But let's be accurate about the environment most of our merchants live in: there's not a lot of technology there. It consists of a few laptops and possibly desktop computers, a fax machine, a telephone system, a POS system and some terminals.

Accounting or, more accurately, bookkeeping is done with QuickBooks. A vendor, if there even is one, handles computer support to network the computers and support a website.

For small businesses, technology is only a major concern when it doesn't work. Business owners are too busy "doin' it, doin' it, doin' it" (as The E-Myth Revisited author Michael Gerber said) to even think about how to grow their companies with technology. They probably don't have small-business consultants, unless you count bankers who supply their lines of credit for working capital.

Essentially, the biggest problem small-business owners face is isolation and lack of knowledgeable people to consult with on how to grow their businesses. How current events in the payment processing realm will affect them is not their primary concern.

Keep merchants informed

This presents ISOs and MLSs with a challenge. To add value in the ongoing calling process, you need to explain just enough of the near-term changes in the payments industry - like why merchants need to buy terminals that can handle Europay/MasterCard/Visa (EMV) and mobile transactions - so merchants don't feel that they're out of the loop. Here are a few merchant concerns to address:

Adapt like winemakers

And this brings me back to the wine business. Today's winemaker has to be knowledgeable about so many things: chemistry, biology, even botany.

(If you want to learn more about this, check out this wine expert's blog: www.vintageexperiences.com. The author, Dan Berger, is about as knowledgeable as you can be about this subject.) Old-time winemakers, like ISOs 20 years ago, would be astonished at how complex things have become.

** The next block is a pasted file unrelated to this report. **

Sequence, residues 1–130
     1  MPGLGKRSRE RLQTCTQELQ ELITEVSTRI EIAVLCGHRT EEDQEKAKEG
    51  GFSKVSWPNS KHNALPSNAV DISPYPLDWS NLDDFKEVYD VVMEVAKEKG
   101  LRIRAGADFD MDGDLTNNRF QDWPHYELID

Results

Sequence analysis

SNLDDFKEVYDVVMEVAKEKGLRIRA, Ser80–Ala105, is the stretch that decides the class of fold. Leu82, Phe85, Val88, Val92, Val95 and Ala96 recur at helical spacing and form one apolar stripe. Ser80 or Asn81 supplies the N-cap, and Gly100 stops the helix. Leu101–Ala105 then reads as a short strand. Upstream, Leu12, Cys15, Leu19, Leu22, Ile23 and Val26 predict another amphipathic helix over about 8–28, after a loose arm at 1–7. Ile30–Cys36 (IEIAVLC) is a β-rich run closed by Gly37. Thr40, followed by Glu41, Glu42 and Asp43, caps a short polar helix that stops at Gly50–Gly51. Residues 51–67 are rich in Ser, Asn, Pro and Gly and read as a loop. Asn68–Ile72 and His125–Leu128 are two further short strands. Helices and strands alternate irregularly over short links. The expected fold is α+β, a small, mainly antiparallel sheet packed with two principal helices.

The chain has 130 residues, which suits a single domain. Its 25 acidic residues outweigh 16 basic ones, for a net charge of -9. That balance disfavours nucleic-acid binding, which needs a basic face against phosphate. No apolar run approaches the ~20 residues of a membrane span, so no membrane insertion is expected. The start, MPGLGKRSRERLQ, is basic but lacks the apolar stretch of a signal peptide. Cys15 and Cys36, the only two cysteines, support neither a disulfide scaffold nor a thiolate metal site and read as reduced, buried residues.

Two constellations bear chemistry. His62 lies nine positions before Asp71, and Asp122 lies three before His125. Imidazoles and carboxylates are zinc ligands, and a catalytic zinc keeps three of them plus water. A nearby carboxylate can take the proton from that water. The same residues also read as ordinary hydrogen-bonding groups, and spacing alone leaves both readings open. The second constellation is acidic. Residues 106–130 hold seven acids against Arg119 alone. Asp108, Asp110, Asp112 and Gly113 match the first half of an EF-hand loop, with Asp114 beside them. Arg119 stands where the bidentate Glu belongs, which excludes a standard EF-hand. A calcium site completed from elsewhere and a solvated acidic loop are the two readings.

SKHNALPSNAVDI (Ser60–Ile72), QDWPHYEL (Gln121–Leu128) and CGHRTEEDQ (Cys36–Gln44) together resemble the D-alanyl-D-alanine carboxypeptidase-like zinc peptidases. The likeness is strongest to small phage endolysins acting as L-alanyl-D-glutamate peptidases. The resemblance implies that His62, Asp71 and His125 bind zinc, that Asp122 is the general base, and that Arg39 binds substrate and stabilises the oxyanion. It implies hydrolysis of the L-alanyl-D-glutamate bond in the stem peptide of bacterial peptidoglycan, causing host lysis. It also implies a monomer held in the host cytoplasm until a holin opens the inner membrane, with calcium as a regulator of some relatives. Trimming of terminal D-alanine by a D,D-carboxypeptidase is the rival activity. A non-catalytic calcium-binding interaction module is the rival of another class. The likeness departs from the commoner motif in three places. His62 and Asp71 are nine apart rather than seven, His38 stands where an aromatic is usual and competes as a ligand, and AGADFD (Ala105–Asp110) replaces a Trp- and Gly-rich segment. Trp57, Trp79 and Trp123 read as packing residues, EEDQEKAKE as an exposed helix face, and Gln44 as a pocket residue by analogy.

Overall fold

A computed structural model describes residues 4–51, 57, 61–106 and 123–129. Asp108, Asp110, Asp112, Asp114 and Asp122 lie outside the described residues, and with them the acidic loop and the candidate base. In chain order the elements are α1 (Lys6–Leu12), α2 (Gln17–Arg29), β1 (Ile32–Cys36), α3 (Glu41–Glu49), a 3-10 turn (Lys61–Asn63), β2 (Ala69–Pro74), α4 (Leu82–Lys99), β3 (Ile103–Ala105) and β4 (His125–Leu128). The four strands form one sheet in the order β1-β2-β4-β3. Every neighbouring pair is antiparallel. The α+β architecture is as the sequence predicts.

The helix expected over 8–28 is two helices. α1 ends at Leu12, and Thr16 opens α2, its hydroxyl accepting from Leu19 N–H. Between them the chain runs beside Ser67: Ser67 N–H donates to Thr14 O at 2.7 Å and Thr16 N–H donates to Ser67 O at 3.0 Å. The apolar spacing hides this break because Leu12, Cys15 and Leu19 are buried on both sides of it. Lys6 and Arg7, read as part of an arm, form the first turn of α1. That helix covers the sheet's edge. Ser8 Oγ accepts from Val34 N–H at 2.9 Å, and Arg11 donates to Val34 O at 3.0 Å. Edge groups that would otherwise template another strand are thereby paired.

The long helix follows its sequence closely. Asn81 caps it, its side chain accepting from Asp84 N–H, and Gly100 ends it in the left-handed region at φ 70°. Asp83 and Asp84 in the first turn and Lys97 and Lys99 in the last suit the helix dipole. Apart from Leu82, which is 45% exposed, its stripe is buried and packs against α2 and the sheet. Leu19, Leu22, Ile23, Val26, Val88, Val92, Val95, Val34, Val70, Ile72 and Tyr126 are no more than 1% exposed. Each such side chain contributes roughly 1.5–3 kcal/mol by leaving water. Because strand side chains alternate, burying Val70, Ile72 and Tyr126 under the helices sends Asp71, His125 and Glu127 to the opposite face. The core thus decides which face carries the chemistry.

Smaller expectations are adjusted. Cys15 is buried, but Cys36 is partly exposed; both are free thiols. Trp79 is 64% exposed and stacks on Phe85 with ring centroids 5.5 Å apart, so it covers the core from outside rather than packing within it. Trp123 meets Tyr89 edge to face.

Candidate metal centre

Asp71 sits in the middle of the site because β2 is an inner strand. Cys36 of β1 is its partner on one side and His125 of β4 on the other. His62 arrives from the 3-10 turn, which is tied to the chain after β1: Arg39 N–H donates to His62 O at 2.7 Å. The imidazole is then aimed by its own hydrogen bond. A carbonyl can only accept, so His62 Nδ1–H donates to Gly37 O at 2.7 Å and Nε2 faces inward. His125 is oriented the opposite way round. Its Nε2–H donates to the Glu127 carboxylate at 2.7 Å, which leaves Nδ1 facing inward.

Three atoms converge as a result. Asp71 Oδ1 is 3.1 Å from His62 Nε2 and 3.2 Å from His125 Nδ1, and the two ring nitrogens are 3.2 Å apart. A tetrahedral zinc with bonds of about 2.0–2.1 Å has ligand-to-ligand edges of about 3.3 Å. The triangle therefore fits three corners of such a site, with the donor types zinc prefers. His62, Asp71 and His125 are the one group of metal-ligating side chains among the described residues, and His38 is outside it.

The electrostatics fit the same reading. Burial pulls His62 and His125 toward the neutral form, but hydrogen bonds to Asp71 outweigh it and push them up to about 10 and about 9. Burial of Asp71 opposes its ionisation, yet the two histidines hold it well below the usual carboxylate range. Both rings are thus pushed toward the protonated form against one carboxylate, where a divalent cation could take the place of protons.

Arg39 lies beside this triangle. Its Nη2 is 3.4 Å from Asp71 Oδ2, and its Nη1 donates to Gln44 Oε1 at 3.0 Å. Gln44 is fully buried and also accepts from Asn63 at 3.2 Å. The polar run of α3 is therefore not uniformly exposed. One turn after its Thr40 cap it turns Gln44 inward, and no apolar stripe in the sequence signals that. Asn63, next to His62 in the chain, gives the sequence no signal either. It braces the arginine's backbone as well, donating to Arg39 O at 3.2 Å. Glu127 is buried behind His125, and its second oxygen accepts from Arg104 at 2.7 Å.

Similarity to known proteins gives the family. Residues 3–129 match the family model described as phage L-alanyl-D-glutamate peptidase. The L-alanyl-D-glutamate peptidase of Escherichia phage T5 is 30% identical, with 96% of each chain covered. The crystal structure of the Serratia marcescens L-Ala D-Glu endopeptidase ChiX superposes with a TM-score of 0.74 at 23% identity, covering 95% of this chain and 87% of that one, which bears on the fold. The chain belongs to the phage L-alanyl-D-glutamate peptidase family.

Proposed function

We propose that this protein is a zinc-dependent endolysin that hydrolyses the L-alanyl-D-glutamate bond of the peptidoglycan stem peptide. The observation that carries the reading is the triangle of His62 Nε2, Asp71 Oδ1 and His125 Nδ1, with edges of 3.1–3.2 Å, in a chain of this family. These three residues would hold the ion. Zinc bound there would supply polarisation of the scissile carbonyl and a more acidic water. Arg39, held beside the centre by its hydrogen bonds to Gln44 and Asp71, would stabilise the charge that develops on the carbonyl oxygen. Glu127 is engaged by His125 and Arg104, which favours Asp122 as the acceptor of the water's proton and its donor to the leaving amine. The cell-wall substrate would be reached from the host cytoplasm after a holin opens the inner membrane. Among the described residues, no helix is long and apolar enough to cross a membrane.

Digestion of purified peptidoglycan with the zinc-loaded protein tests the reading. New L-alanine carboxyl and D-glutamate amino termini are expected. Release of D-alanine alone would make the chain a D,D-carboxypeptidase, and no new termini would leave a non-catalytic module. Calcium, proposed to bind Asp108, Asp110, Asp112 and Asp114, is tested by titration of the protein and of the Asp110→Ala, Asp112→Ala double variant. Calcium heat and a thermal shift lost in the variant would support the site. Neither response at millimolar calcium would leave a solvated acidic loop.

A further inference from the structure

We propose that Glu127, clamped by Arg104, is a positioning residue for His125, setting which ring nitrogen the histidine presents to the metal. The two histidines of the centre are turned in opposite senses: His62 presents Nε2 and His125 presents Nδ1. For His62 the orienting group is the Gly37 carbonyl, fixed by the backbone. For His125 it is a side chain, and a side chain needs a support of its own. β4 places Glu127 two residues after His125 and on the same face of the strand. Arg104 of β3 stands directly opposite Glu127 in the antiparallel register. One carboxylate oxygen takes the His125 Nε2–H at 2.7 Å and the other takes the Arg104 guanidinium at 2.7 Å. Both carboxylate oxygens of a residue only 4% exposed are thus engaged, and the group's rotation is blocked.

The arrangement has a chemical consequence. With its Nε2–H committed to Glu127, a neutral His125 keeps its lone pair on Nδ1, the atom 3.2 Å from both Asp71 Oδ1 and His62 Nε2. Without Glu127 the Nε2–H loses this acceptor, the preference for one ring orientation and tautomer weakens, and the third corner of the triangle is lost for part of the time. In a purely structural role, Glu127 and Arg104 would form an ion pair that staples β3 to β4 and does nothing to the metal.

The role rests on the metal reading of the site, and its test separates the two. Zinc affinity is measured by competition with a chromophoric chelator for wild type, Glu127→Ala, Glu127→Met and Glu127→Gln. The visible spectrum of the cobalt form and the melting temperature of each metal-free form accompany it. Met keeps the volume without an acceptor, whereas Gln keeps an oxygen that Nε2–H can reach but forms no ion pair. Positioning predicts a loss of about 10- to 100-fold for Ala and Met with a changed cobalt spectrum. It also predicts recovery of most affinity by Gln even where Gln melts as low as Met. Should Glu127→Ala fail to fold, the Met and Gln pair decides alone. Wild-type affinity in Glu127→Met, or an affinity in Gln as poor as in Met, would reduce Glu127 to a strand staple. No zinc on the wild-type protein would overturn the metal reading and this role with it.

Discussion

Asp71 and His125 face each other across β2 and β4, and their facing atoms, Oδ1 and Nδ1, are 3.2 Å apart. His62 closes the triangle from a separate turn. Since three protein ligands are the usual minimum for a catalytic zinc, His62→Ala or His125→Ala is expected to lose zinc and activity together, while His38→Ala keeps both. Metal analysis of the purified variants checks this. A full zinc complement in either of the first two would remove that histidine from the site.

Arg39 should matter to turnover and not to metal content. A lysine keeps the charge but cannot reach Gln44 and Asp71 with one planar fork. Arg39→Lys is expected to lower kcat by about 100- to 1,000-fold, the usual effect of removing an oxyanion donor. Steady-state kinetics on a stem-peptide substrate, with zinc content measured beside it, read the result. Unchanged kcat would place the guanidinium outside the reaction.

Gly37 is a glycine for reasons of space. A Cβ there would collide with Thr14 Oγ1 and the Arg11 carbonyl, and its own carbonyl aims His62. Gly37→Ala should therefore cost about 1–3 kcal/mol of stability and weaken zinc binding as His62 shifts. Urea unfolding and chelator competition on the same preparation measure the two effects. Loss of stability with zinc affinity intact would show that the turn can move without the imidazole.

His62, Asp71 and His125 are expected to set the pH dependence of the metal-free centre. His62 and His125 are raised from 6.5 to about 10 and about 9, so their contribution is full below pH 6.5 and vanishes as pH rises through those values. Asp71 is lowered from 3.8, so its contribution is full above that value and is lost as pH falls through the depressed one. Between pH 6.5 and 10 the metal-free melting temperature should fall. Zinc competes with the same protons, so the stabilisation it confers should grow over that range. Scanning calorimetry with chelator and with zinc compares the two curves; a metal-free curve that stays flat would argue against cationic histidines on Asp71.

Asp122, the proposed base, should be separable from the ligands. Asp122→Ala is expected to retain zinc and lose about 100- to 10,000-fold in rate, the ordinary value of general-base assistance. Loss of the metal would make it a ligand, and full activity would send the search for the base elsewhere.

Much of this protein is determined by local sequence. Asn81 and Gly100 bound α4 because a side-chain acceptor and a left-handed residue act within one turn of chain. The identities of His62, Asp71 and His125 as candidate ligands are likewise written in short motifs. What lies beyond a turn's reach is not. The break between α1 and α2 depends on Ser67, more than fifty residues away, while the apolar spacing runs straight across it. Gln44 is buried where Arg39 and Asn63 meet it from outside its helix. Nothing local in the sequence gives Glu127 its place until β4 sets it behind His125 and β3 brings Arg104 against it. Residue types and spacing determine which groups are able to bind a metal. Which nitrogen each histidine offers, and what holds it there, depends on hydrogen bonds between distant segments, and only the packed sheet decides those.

But there is no going back, and just as wine-drinking consumers benefit from the higher quality finished product, merchants will benefit from a more robust payment system that includes more competitors and more products.

One thing hasn't changed though. The industry will still need the feet on the street to explain, sell and set up the evolving array of products and services available to merchants - and that is good news for the ISO and MLS community.

Brandes Elitch, Director of Partner Acquisition for CrossCheck Inc., has been a cash management practitioner for several Fortune 500 companies, sold cash management services for major banks and served as a consultant to bankcard acquirers. A Certified Cash Manager and Accredited ACH Professional, Brandes has a Master's in Business Administration from New York University and a Juris Doctor from Santa Clara University. He can be reached at brandese@cross-check.com.

Notice to readers: These are archived articles. Contact names or information may be out of date. We regret any inconvenience.